This is a guest blog post by Dr. Geraldine Haggard, who is a retired teacher, Reading Recovery teacher leader, author, and university teacher. It is the third and last post in a series about utilizing book introductions to help guided reading groups develop their reading strategies. To read the first post (introduction), click here. To read the second post, click here.
This blog series focuses on the importance of book introductions in guided reading groups. Today, I will conclude this series by examining a Level I book, The Ungrateful Tiger, and provide an opportunity for teacher reflection after giving a book introduction to guided reading groups.
BOOK THREE: THE UNGRATEFUL TIGER
Series: Fables and the Real World. Guided Reading Level: I (i). Genre: Fable.
- You might want to remind the children of the definition of a fable.
- The word "ungrateful" has both a prefix and a suffix. The multi-meaning word 'fair' is also a key word throughout the story and the group needs to understand what it means in the story.
- Distribute the books. Ask the children to notice the word in green at the top of the front cover. Remind them of a fable that you know they are familiar with and how it teaches a lesson. Explain that this book does the same thing.
- Read the title to the children. Ask them to frame the first and last syllables and find that 'un' means 'not' and 'ful' means 'full.’ They can predict that 'ungrateful' means 'not being full of thanks.’
- Ask the children to study the pictures and meet the main characters in the story (the boy, the tiger, and the owl).
- Ask the children to turn to page 8 and study the picture and frame the word 'pounced.’ How does the picture help them determine the meaning of 'pounced’? Remind them that the pictures can provide clues for meaning as they read the story.
- Remind the students that they should think about this fable’s lesson while they read. Who learned the lesson? Remember to discuss this question after the first reading.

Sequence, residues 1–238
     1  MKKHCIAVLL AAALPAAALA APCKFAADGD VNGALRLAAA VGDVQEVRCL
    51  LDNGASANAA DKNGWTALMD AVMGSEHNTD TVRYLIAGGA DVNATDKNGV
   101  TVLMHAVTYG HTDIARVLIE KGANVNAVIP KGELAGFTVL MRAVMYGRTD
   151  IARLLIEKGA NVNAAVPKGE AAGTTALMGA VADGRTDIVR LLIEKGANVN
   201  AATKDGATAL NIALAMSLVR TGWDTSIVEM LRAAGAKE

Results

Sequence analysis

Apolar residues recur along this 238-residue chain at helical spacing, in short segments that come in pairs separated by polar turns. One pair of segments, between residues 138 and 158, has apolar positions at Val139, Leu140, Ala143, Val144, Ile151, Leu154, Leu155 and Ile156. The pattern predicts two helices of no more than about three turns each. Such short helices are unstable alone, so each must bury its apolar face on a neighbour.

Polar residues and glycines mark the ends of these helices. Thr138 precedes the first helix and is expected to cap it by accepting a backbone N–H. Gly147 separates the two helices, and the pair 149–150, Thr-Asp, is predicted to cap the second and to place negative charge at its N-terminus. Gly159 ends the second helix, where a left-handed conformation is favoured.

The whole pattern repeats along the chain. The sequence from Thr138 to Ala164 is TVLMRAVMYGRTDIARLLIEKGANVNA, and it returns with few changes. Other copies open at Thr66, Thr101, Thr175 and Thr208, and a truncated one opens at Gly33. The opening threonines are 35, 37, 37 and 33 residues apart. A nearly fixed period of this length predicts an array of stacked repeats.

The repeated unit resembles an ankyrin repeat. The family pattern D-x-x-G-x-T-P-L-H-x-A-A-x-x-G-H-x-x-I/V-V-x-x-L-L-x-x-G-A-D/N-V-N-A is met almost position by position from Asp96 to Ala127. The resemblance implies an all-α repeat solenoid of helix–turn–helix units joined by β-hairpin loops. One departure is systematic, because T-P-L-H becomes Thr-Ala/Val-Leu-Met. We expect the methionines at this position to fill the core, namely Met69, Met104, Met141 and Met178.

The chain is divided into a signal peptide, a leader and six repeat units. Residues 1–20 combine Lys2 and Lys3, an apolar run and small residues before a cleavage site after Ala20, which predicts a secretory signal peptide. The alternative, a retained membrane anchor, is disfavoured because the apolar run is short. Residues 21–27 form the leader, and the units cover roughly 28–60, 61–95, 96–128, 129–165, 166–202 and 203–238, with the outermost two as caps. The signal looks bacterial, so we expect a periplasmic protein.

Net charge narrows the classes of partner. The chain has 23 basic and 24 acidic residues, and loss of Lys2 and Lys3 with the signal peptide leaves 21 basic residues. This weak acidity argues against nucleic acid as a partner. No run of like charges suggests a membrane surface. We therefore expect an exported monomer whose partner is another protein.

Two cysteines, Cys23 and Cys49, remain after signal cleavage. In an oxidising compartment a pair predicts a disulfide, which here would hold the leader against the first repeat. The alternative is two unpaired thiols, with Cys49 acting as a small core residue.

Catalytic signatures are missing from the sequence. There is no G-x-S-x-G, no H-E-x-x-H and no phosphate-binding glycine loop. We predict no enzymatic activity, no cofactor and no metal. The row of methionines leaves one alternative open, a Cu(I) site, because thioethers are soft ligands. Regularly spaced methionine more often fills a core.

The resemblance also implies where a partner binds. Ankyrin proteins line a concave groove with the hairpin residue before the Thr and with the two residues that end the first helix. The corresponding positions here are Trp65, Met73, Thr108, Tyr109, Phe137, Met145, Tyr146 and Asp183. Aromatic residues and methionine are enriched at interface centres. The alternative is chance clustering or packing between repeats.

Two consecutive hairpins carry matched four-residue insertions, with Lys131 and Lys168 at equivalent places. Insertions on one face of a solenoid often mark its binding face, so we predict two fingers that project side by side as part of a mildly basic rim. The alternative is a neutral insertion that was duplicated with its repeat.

- After the first reading, a second reading could be done as a reader's theater. The teacher can be the narrator and students read the conversations of the men, the tiger, and the owl. This reading can demonstrate knowledge of traits and emotions of the characters.
- The book also is a good tool for discussing cause and effect. Why did the men dig the pit? Why did the tiger cry for help? Why did the boy help the tiger out of the pit? What happened because the boy got the tiger out of the pit? Why did the owl know what was happening between the boy and the tiger?
- You can read another fable to the children or provide fables that they can read with 95 percent accuracy or better. Children can also share a fable they read in the past and why it was a fable.
SOME CLOSING THOUGHTS FOR TEACHER AFTER THE FIRST READING
- Do you think your introduction helped the children more fluently use a strategy they are developing or use a new strategy for the first time?
- Was the reading rate appropriate?
- Did the children exhibit some feelings or facial and vocal emotions that demonstrated their understanding of character emotions? Did they use the punctuation marks as clues to understanding the character traits and feelings?
- Did the students demonstrate a need for a reading strategy that you didn’t introduce? Think about that strategy as you plan the introduction of the next book.
- Remember that multiple readings of a book are important. The students can reread the book at home. The book can be placed in the class library for even more readings. Help your parents understand the importance of the re-readings.
As you use carefully planned book introductions, you will find your readers improving their use of strategies and becoming more independent readers. Selecting just the right book and identifying what support the group needs to read a new book will help students improve their reading strategies, fluency, and reading rate.
Geraldine Haggard is the author of several books from our Kaleidoscope Collection. She spent 37 years in the Plano, TX school system. She currently tutors, chairs a committee that gifts books to low-income students, teaches in her church, and serves as a facilitator in a program for grieving children.